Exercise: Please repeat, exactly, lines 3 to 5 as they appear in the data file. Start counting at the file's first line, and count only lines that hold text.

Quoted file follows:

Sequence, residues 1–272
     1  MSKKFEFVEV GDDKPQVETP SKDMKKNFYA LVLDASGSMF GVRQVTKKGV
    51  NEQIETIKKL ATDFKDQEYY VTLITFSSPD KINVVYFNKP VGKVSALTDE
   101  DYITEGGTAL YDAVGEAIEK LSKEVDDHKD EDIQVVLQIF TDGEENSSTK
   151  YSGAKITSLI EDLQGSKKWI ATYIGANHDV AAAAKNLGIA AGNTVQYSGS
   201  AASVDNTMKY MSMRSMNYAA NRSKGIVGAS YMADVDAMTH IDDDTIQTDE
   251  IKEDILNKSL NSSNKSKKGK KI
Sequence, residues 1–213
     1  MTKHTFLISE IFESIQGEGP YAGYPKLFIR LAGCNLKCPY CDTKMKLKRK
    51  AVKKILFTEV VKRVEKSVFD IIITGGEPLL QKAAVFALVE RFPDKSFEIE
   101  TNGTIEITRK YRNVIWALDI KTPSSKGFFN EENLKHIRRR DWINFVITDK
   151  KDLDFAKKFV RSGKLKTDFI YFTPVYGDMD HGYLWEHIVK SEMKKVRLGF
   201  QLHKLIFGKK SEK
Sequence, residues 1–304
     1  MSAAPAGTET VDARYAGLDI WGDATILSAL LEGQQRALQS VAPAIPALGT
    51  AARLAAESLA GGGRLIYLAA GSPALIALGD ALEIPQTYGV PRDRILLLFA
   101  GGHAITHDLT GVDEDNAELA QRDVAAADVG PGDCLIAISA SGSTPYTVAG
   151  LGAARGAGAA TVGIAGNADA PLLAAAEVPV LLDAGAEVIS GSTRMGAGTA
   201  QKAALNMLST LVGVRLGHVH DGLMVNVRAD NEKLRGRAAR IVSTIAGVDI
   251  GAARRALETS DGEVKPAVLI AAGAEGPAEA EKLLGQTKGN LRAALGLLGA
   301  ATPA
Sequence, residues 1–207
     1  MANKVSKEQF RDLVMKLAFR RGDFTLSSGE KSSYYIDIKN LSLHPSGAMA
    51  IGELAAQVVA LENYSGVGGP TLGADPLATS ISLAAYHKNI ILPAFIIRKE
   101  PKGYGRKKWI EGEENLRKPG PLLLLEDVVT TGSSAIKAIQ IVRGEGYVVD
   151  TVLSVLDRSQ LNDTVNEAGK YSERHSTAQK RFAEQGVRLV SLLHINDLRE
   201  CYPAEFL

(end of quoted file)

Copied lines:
    51  NEQIETIKKL ATDFKDQEYY VTLITFSSPD KINVVYFNKP VGKVSALTDE
   101  DYITEGGTAL YDAVGEAIEK LSKEVDDHKD EDIQVVLQIF TDGEENSSTK
   151  YSGAKITSLI EDLQGSKKWI ATYIGANHDV AAAAKNLGIA AGNTVQYSGS